Renewable energy in Brazil is one of the fastest-growing sectors in the national economy. Thanks to its vast natural resources and climate, Brazil is making big strides in increasing its renewable output. In addition, it’s meeting its agreements in the Paris Climate Accord.
Climatic conditions make up the main focus for renewable energy in Brazil. Favourable winds and reliable sunshine make wind and solar-powered energy production particularly attractive. Both sectors have shown considerable growth over the last year. Brazil is also expanding its biomass production in a bid to up its game in renewables.
Solar power production soars
Brazil boasts a very sunny climate and parts of the country bask in an average of eight hours of solid sunshine a day. In Northeast Brazil, cities like Fortaleza and Natal enjoy over 2,800 hours of sun annually. It’s therefore no surprise to discover that solar energy is one of the up-and-coming sectors for investment in Brazil.
As a source of renewable energy in Brazil, sunshine has been relatively underutilised until this year. In June, the country produced 237MW of solar power, a giant hike of 930.5% more than the same month in 2016.
Thanks to a combination of all its renewable energy sources (solar, wind, biomass and hydroelectric) Brazil added 7,865MW to electricity production in June.
Wind renewable energy in Brazil
Solar power represents a small part of energy production compared to wind-generated electricity. Wind energy plants increased their output by 28.5% in the year to August, an even higher figure than the previous month. In July, wind energy production went up by 20.9%.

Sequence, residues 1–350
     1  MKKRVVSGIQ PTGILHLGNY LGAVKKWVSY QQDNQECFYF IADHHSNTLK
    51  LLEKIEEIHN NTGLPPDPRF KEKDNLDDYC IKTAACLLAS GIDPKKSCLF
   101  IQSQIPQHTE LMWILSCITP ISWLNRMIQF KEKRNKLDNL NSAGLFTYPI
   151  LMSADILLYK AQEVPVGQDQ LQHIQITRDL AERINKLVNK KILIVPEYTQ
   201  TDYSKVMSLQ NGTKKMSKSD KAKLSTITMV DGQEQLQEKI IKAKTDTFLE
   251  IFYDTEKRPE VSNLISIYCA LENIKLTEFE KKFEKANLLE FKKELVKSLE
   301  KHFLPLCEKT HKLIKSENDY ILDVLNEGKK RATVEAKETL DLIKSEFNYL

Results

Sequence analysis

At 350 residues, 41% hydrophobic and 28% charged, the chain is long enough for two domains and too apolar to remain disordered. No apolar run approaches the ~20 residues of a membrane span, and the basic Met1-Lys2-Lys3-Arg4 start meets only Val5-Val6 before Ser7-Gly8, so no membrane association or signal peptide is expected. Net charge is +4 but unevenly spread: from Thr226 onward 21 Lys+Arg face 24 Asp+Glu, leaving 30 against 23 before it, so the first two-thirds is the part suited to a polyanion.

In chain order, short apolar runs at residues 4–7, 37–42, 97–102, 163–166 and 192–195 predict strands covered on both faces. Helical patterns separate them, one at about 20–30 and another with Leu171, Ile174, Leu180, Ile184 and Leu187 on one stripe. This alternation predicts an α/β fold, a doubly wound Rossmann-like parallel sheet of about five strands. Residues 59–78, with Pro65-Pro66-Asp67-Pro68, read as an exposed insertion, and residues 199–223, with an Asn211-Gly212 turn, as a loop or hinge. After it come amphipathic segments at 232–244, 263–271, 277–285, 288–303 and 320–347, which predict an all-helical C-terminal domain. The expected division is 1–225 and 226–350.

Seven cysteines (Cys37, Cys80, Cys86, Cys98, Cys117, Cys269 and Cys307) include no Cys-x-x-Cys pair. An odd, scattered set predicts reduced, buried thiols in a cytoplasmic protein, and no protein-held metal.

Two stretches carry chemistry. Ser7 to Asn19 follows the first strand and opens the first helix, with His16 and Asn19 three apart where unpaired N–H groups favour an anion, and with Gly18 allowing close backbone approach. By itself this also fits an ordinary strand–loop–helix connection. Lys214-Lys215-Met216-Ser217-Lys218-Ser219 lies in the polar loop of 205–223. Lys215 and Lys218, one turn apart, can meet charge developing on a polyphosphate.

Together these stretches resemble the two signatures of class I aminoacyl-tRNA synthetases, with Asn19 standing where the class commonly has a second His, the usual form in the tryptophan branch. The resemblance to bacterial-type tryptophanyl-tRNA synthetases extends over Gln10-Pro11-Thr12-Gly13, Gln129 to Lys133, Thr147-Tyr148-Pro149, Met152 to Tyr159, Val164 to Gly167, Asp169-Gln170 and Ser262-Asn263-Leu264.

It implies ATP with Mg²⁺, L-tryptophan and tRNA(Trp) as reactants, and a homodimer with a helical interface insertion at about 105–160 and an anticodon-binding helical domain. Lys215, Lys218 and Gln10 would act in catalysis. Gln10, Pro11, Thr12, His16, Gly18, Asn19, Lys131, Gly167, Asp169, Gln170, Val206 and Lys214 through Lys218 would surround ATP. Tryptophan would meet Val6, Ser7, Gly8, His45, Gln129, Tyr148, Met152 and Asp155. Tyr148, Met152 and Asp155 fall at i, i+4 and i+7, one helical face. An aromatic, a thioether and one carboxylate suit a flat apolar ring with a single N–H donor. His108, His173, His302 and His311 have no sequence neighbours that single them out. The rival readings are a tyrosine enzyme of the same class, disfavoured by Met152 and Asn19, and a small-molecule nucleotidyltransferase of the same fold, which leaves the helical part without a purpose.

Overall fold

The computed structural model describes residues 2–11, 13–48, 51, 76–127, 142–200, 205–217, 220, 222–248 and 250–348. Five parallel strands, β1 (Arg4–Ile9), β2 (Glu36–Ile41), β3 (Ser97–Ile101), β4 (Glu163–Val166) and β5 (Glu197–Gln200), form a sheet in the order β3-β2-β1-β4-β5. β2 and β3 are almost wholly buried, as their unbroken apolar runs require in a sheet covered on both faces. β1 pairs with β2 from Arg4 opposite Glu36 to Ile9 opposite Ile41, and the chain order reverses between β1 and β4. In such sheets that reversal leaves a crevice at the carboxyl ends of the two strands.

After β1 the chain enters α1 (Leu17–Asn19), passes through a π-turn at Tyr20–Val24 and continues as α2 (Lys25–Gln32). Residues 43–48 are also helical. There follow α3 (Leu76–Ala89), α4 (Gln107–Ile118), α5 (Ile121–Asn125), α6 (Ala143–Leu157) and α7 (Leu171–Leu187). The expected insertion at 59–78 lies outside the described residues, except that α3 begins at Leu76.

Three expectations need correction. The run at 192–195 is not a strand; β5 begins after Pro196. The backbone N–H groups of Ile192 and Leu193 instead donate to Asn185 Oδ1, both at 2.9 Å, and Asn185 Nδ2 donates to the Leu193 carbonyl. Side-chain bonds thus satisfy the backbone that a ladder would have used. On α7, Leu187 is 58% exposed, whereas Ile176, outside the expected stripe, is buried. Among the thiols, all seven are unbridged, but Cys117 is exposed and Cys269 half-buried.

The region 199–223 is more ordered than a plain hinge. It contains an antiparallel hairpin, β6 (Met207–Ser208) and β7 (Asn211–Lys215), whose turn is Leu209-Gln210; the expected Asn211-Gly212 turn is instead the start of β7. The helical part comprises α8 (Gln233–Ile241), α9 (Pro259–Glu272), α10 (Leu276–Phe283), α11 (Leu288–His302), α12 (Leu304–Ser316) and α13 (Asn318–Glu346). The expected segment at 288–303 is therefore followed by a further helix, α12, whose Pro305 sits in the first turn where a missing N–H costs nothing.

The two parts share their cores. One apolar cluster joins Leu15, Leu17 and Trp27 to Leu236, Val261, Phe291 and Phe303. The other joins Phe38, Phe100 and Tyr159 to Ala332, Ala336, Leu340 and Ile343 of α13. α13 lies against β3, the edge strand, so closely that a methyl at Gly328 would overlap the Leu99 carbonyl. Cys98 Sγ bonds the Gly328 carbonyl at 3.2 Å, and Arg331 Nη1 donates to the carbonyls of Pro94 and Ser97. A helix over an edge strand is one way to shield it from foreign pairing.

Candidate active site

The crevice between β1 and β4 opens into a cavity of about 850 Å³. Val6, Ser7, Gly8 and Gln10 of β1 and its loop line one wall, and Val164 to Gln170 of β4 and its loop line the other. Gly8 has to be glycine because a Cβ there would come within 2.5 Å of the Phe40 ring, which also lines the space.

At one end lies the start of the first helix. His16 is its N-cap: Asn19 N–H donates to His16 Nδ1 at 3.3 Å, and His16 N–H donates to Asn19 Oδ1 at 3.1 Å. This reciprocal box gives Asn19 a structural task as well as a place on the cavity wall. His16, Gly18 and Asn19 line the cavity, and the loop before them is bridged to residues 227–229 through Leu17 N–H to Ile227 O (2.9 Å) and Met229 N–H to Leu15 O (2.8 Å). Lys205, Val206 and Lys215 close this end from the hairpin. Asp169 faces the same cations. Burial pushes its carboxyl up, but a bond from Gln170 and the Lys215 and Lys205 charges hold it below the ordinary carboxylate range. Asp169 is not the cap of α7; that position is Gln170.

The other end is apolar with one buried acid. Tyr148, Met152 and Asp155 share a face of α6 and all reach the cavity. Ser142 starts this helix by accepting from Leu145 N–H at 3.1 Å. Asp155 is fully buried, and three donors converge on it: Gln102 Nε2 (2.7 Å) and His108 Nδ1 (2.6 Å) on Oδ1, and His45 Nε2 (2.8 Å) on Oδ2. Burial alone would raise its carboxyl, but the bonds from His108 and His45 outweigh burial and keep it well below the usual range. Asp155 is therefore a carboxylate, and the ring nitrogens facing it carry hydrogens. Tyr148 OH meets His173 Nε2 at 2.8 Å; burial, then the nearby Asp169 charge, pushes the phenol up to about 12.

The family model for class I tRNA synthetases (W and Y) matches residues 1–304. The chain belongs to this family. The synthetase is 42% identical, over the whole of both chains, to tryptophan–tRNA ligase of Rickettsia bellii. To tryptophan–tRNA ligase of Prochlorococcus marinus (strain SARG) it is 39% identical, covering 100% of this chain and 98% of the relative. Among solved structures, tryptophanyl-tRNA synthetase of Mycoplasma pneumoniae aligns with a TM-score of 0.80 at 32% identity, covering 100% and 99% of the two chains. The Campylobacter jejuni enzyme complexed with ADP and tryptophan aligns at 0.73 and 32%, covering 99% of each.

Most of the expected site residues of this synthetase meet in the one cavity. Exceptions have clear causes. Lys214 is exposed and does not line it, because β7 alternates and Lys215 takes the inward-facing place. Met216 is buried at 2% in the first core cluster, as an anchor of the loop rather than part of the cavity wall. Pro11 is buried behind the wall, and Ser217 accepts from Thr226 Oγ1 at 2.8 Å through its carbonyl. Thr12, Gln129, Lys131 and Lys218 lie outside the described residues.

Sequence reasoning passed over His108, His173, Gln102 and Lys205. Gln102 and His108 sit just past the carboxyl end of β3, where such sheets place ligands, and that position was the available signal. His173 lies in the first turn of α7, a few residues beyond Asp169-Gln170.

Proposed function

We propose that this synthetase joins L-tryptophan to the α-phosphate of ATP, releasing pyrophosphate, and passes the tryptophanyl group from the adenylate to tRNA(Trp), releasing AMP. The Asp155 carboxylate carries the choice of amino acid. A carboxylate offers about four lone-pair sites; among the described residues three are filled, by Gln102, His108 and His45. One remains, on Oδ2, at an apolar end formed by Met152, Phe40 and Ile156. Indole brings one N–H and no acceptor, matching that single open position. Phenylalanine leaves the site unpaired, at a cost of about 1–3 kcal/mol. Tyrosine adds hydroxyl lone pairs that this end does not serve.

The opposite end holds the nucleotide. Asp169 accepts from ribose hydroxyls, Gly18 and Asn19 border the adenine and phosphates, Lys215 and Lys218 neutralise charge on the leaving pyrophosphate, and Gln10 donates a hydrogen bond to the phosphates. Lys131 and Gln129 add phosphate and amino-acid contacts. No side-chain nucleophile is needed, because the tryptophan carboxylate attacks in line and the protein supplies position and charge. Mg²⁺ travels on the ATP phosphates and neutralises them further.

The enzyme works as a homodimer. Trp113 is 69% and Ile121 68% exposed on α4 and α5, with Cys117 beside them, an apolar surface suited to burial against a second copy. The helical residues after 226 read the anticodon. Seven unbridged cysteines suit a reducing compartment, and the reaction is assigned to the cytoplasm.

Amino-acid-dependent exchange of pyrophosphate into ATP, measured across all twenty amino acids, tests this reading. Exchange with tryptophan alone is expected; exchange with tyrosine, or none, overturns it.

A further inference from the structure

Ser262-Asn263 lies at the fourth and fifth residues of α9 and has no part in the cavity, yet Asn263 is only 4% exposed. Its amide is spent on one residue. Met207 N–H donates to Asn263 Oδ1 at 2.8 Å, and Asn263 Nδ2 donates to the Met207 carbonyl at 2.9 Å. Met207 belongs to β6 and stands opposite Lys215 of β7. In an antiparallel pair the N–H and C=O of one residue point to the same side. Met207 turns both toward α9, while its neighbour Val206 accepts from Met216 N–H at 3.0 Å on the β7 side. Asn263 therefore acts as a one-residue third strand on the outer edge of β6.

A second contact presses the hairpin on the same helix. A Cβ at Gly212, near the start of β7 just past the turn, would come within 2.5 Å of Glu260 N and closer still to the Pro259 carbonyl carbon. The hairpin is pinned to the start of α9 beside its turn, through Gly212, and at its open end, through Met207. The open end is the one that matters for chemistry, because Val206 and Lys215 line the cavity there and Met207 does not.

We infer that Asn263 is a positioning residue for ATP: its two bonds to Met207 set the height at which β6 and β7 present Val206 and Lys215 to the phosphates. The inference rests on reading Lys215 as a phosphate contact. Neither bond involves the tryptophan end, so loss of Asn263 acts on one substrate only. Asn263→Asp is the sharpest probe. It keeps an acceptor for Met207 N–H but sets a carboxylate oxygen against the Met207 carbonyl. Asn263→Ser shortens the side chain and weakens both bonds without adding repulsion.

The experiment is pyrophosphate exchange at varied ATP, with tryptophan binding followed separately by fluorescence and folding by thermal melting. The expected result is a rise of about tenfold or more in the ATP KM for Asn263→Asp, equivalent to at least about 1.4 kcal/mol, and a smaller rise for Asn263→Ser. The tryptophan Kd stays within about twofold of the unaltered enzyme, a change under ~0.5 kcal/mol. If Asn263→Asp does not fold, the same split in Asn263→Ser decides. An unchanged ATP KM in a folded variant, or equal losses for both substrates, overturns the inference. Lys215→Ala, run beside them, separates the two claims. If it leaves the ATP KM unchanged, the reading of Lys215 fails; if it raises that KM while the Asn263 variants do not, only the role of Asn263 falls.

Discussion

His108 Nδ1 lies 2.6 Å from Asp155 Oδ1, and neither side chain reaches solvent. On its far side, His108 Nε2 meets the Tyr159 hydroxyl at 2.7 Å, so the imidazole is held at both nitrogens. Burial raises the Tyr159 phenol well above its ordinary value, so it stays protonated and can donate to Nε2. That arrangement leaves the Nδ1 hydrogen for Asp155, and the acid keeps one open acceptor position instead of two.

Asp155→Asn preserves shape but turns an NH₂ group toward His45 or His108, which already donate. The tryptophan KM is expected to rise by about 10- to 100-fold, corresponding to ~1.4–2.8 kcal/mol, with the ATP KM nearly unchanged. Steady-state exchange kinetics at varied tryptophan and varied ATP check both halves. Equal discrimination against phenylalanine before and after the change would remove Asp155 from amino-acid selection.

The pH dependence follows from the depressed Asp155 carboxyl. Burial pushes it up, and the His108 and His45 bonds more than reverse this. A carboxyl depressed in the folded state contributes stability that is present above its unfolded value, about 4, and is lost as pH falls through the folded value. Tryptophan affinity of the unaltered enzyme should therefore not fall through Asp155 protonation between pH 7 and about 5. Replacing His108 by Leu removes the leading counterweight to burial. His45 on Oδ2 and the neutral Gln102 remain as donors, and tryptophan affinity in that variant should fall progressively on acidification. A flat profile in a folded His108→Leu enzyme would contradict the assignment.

The total share of wind power within the national grid reached almost 10% in August, up from 7.4%. In a bid to increase this share further, Brazil is fast increasing the number of wind plants. The government approved a total of 18 new renewable energy installations in August. The majority are wind plants in Northeast Brazil, mostly in the states of Bahia and Rio Grande do Norte.
First corn ethanol plant
Brazil already ranks as the world’s biggest producer of ethanol from sugarcane. A recent joint venture investment between the Brazilian company Fiagril and the American Summit Agricultural Group has taken ethanol production one step further.
Brazil’s first corn ethanol plant opened recently in Lucas do Rio Verde in the Mato Grosso region. With an initial investment of R$450 million, the plant will be capable of producing 210 million litres of ethanol a year. As well as generating power, the plant will make other corn products.
Rise in renewable energy certificates
The surge in renewable energy certificates (RECs) shows the strong interest in renewable energy in Brazil from investors. The number of RECs traded in Brazil between January and August this year rose by 18% compared to the same period last year.
Each REC certifies 1MWh of electricity produced by renewable energy sources. Brazil currently has 19 renewable energy parks that are eligible to generate RECs.
(Source: Renewables Now)